Always been soprano, here - but I have an enormous respect for people who can stretch their voices over a respectable range. I lose pitch if I go too low - it just yaws off into the deep and I can't hang onto the note.
As for "Pie Jesu" - this one
has always been a favourite one of mine - but then, as I said, I am a soprano...
I'm a big fan of stretching one's boundaries, trying something new and challenging. ("A man's reach must exceed his grasp, else what's a Heaven for?") Earlier this year it was learning about digital photography and editing. Before that, rollerblading, something i didn't think I had the balance to do. So I applaud your leap into the mezzo world!
Agreed! When I visited my favorite prof, about a year out of college, she commented that too many of her former students seemed to stop learning--if she visited them, she'd see few new books except light fiction, for instance. At that point, I thought I'd better make sure it didn't happen to me, and set up a study program for myself for both reading and skills acquisition...flexible enough to work with military service, work, and a return to classes at intervals. Most people probably don't need to formalize the idea, but it sure helped me, and it nudged me to explore all sorts of topics I might not have "had time" for otherwise. My pact with myself was that I had to stick with a new thing for six months (semester, of sorts) before dropping it for something else.
Was SO glad of this program when it came to bringing up an autistic kid, because my brain had been well-exercised and was used to diving into new material even though I'd been out of formal classes for years at that point.
I love the sense of "space" that I get knowing that I cannot possibly run out of new things to learn--both information and skills.
Lucky you. I can do funny voices for puppet shows, but my singing voice leaves much to be desired. And trying to record filk songs, they come out sounding far worse than I plan them to.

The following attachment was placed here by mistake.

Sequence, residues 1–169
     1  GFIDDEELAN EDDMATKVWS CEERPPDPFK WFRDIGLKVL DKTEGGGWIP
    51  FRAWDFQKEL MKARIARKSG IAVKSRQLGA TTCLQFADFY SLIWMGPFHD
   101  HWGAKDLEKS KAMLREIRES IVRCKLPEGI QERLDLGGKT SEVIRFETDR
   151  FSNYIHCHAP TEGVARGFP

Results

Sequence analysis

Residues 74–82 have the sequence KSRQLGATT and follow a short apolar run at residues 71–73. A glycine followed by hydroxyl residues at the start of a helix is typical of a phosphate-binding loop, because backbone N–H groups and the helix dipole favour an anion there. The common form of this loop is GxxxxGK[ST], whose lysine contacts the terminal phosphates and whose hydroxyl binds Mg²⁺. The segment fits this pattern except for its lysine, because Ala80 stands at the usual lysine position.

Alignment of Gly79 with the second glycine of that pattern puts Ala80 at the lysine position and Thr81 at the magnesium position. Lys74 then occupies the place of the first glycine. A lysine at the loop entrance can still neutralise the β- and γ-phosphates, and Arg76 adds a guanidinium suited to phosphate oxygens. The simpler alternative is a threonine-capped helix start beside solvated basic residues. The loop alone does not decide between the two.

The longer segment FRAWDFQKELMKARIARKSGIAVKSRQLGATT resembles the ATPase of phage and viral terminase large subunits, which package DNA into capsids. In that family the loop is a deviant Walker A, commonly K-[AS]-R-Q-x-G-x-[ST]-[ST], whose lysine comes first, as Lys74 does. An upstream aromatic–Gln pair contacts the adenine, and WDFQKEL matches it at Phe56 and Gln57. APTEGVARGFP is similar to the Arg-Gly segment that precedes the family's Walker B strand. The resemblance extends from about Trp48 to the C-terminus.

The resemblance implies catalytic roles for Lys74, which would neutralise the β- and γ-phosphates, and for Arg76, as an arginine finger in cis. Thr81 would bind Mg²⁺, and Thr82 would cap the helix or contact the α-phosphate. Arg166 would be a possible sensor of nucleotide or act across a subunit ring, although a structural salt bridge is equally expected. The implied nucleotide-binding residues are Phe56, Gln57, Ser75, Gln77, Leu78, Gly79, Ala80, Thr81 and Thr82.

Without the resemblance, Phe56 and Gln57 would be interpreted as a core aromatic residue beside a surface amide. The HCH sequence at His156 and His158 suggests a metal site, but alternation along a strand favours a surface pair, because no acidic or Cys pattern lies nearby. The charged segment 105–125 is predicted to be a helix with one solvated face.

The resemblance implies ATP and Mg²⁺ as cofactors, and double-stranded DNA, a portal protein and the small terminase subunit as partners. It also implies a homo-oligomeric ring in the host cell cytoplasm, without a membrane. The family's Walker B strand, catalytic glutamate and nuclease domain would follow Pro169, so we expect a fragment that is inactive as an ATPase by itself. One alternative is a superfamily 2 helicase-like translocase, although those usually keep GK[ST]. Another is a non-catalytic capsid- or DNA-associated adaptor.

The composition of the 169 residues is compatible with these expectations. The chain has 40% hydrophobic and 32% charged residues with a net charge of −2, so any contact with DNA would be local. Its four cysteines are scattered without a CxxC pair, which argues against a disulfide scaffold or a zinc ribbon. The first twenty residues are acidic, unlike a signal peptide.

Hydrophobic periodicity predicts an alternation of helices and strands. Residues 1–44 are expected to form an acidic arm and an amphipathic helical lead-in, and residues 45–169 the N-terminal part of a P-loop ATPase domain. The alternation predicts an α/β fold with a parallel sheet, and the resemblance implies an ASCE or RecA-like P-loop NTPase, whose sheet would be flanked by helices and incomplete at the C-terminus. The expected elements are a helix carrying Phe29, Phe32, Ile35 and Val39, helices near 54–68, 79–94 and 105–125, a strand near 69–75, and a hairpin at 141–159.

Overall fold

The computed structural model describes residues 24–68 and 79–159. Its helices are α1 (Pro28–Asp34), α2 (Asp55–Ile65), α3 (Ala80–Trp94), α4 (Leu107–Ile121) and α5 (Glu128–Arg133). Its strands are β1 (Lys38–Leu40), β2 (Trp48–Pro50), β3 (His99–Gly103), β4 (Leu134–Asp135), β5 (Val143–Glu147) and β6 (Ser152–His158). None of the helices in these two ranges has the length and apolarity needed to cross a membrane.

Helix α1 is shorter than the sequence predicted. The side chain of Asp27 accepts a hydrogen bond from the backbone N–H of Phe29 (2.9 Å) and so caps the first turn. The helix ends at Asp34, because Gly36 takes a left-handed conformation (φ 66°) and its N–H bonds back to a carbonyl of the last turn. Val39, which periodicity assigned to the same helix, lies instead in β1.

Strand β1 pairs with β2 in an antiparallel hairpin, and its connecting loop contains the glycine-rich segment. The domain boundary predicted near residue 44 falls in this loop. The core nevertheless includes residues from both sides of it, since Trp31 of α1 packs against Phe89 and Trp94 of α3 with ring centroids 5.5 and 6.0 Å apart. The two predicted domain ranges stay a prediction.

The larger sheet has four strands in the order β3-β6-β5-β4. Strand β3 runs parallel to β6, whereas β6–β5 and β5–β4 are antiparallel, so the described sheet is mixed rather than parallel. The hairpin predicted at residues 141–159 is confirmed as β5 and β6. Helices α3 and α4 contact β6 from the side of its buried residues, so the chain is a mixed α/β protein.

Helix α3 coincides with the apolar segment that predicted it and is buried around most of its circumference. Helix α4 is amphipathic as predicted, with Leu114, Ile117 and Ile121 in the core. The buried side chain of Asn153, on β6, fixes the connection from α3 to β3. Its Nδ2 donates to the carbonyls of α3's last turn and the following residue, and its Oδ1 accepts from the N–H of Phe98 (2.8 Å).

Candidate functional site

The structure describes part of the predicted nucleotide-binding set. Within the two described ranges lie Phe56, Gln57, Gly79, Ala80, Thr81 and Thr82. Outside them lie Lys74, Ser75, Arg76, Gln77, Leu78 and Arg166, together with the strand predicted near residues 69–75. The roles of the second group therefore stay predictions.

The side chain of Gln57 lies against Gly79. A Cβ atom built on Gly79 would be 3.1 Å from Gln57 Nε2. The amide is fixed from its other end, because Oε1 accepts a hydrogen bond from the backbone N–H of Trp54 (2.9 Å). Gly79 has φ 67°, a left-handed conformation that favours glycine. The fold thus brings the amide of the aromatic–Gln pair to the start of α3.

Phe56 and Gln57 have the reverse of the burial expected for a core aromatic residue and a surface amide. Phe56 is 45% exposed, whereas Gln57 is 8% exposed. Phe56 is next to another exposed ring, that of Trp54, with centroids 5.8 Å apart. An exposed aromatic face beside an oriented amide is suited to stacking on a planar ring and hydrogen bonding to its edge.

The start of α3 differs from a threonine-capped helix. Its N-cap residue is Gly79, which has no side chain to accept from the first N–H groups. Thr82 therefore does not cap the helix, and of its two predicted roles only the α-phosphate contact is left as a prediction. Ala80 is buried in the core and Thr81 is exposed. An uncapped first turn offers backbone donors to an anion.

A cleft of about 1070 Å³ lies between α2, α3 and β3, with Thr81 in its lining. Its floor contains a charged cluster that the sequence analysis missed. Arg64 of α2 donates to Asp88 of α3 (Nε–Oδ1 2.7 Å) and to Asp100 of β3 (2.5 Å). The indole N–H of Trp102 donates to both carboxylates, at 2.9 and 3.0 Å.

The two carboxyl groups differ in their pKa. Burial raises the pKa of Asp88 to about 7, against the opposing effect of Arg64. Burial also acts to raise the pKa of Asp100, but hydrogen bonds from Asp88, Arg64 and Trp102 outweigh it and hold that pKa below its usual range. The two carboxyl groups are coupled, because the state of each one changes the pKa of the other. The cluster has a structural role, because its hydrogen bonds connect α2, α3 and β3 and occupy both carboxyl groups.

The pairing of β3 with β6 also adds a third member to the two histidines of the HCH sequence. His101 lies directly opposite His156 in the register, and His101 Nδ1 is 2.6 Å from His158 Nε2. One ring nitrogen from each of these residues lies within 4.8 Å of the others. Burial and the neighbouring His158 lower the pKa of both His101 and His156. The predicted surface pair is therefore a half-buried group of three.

I used to think only professional singers "deserved" to take voice lessons. Wrong. Anyone who wants to sing better can probably benefit from them.
OTOH,finding a good coach for adults can be tricky.
I'm sixty, so I'm encouraged to read about somebody marginally older than I am doing something new and challenging: It sets me a good example.
There's a certain "If not now, when?" thing going on, too. When you're young, and you miss a chance to do something, you think "I can always do it later," and "later" in the young mind means "next year or the year after."
Then it's much later and you realize you didn't...so the new chances that come along are more likely to get a quick "Do it NOW."
Growing up, there were a lot of chances that seemed to carry the label "Not for people like you." (What we see as possible is constrained, at least partly, by the attitudes of those around us.) For some of those, it's taken most of my life to realize those labels, if they actually said that, are fraying and falling off the chances.
My young autistic daughter has perfect pitch. This can make casual singing about the house very difficult, and practicing nearly impossible.
It is comforting to me that others have had similar experiences.
She may be less sensitive to it later. Our son has that incredible pitch sensitivity too, but can tolerate our casual singing. I can't remember how long it was before he could, but I hope it happens with you and your daughter, too.